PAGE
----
The bike business does not respect age. Not surprising when you consider that a young adult can propel and maneuver the vehicle to its greatest potential. Not too young; the best riders need seasoned muscles and honed skills. But at a certain point a rider can no longer keep up.
Bicycling in general encompasses an array of machinery and techniques suitable for all ages. Bikes for children are mostly toys, or perhaps prepare them for what they might some day achieve in bicycling's real theater. Bikes for older riders reflect what people past their prime can still manage to be.
Certain elders achieve the status of wise men. Owners of companies, famous innovators, retired racers all can manage to make the young pups shut up for at least a minute. But put one of these silver-tops in a greasy apron in a little shop in some nowhere town and the young guns would not know to be impressed. And if the greasy old geezer turning wrenches has never been one of those luminaries in the first place, the world really passes them by.
In what passed for the glory days, my physical prime happened to coincide with the mountain bike boom and my skills and style happened to be slightly better than average. This is no modest understatement. My edge was very slim. Mechanical skills and analytical ability made up the rest of my powers, but these were certainly enhanced by the number of people I could leave puking behind me on a long climb. The fact that I was puking to stay in front of them, and chasing faster riders, was excused by the fact that nearly all of us were chasing someone faster. If I could stay ahead of two thirds or three quarters of a ride group, that was solid enough. I knew that all the riders ahead of me were puking to stay out there.
There's a lot of puking, actual or metaphorical, in the prime of cycling. And a lot of acid reflux in your declining years.
Briefly, the local mountain bike crowd shifted to road riding before succumbing to the various ailments of aging athletes. Mountain biking itself went off a cliff, literally. Even if I was in my prime, I would not want to ride in the modern style, on the modern arthropod.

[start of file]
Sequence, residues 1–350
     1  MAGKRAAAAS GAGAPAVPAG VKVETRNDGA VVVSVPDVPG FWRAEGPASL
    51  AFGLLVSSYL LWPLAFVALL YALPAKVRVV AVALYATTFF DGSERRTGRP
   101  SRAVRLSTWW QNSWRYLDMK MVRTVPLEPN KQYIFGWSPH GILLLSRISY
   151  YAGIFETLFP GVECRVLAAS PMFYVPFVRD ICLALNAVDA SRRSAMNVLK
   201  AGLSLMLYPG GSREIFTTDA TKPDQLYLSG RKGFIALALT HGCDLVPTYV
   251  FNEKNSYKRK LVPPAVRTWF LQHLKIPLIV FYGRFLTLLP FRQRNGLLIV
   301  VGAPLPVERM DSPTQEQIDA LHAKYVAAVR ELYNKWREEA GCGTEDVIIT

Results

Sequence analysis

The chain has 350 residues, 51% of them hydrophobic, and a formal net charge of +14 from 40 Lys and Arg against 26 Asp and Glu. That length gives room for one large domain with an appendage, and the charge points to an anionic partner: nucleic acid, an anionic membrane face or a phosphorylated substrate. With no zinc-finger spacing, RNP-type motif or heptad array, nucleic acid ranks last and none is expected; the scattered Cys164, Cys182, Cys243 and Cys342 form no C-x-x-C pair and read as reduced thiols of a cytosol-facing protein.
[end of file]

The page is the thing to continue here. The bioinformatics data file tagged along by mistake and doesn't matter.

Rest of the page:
The fragmented bike market does not need hard-driving, monomaniacal riders as much as it needs experienced observers and interpreters. But some of its segments still feed on the intensity of the competitor. Lots of riders claim to understand their lower place in the hierarchy, but when they ride you know they're listening to the narration of their private video, or at least feeling the savage satisfaction of chasing down their quarry, real or imagined. An awful lot of people who come into a shop look at the people who work there and mentally assess whether they would be the chasers or the chased.
Actually, an awful lot of people don't come into bike shops anymore. Not in Resort Town, anyway. Even when there was money to me made, it was not easy because it attracted a lot of competition. We left all of them in the dust eventually, but now the dust settles on us, on a course nearly deserted. The segmented market seeks asylum in enclaves of its own disciples. You're either a big shop or a specialty shop.
We're an outpost, in Resort Town. We're that palisade far from civilization where a traveler hopes the blacksmith can knock together something to keep the wagon going long enough to get them home. We'll never be a big shop, because we've chosen to live beyond the edge of big civilization. The place is hardly remote. The lifestyle has evolved from north country lite to rural suburban. But the rough and rocky land refuses to support much of an economy. When people no longer come from away, the locals can only do so much to keep each other afloat.
The model for New England -- particularly northern New England -- is the subsistence farm. Now that the party is over for cycling, our shop is a subsistence farm. The woods are full of the weathered stone foundations of subsistence farms. The inhabitants of them gleaned whatever sustenance they could before they gave up and moved on, or simply dropped.
In the bustle of civilization, life is less of a struggle against indifferent nature and more of a brawl. There may be more activity in the lands of urbanization and sprawl, but it's no less strenuous. The specialty shop is only as good as its reputation. The big shop has to find the right size for its economy, and maintain a staff that will help it flourish, or at least not embarrass it too badly. If a specialty wanes, the little boutique must shift its focus or wither. The big shop or small chain can grow or shrink categories as long as the staff can keep up with the technology.
Technology is driven by desire. Perceived necessity is the mother of invention. Desire breeds an image. An image is an emotional construct. Emotion responds to first impressions. First impressions can be shaped by prejudicial beliefs. We look for what we hope to see, and often see what we have told ourselves to expect. Does this slightly limping, unkempt mumbler really know what he's doing? Why is someone that age still doing this job?
Because I can. Because the craft needs people who respect the craft. Why waste all that experience?
Like any writer, I console myself with the idea that I may yet figure out how to produce and sell something popular, or at least be discovered after my death and become influential then. Beyond that it's probably better not to pick at things too much. You can't do much more than what seems like a good idea at the time, whatever you're into. Good luck out there. If you need your bike worked on, you know where to find me.